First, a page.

Students can be easily distracted during computer time. They may be tempted to get off-task if an alternative is more engaging than the prescribed activity. There are some things you can do to maximize their on-task time:
- Have clear rules in place for technology use. The rules should state what consequences students can expect when they do not use computer time in a productive way. The rules should be posted at the front of the room and in other areas of the classroom where they are easily noticed by the students. You can work with the students to jointly create the rules at the beginning of the school year.
- Have clear goals for each lesson: Students should have a clear understanding of what is expected of them. If there is a final report or presentation, you may want to show them examples from previous classes. You may also want to share a rubric with them, or even better, work with them to create one as part of the lesson.
- Divide longer projects into stages: It is a good idea to provide opportunities for feedback throughout the length of a project. This will allow you to address problems early on and save your students some time and effort. It will also avoid misunderstandings when the time comes for the final evaluation of the project. You can also encourage your students to stay engaged in the project from beginning to end by requiring them to submit work in the early stages, even if it is just an outline or an early draft.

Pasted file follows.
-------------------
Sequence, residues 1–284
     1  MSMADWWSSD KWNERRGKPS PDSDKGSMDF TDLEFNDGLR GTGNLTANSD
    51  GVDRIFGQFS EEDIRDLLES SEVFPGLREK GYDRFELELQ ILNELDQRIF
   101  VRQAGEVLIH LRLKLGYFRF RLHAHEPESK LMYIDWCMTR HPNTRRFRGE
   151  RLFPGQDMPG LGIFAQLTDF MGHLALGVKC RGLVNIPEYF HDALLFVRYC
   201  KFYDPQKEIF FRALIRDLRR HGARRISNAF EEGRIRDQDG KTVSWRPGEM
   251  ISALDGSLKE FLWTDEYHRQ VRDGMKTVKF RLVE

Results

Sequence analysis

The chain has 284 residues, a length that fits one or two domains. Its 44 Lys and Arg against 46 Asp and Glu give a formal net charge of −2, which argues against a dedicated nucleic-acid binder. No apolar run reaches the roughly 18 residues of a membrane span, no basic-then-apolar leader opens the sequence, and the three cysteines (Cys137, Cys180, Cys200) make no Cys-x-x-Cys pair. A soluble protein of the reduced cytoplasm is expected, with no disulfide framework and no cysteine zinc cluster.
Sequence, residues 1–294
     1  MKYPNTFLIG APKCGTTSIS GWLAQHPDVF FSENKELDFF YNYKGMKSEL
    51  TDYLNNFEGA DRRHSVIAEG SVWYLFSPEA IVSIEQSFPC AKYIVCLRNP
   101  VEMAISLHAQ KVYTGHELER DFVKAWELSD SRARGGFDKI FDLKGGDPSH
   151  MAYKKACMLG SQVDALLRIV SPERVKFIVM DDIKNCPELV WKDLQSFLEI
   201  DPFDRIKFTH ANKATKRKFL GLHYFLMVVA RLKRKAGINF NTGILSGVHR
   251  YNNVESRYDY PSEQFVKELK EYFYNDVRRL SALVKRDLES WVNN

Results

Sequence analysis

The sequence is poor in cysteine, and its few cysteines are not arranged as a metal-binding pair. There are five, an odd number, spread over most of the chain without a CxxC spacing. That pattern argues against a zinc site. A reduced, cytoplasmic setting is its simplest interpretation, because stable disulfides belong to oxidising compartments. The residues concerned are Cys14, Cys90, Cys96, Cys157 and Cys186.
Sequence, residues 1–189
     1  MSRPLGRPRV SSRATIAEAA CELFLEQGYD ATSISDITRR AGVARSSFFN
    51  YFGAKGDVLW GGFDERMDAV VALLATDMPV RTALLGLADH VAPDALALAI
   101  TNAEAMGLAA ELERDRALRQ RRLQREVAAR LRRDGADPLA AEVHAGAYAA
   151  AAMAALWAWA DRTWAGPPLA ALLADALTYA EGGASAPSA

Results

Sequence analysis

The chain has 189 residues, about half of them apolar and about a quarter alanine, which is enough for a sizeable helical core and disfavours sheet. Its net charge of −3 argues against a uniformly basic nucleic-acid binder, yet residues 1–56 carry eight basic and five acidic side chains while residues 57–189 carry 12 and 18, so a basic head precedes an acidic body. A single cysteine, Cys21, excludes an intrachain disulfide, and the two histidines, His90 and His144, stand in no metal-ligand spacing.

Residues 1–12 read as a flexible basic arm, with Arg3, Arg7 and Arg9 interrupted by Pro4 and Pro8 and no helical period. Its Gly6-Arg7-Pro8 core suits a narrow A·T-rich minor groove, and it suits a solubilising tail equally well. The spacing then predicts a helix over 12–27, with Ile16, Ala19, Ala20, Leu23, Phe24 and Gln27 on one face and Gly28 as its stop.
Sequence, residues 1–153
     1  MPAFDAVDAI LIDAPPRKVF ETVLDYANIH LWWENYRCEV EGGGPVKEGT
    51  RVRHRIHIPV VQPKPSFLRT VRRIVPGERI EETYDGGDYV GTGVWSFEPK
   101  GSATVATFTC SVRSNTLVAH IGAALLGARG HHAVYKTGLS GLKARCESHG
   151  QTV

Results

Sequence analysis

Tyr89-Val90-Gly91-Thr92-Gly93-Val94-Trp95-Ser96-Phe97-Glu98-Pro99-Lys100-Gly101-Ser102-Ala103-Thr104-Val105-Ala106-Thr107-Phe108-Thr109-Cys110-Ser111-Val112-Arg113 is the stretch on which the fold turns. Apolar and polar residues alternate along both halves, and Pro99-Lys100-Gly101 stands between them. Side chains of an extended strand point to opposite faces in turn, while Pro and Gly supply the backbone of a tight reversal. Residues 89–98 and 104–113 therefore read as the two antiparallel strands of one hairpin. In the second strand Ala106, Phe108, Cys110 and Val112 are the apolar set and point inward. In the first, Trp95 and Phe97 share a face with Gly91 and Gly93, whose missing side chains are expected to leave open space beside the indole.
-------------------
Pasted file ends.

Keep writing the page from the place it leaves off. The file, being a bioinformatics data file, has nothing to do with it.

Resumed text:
- Have “screens down,” “lids closed,” or “mice flipped” commands established to temporarily bring individual use of digital devices to a halt when it’s necessary to gain the attention of the whole class for an announcement, discussion, or sharing moment.
- Check school-owned digital devices on a regular basis to see if distracting programs or games are installed and remove them.
- Of course, the most effective means of keeping students on task is to design engaging assisgnments in the first place. The Technology Integration Matrix provides guidelines for increasing student engagement in assignments. It looks at the characteristics of active, collaborative, constructive, authentic, and goal-directed learning and maps that to technology integration levels. As you design lessons that provide for higher levels of student engagement, off-task behavior problems will be significantly diminished.
Illustration from the TIM Graphics section of the Technology Integration Matrix website.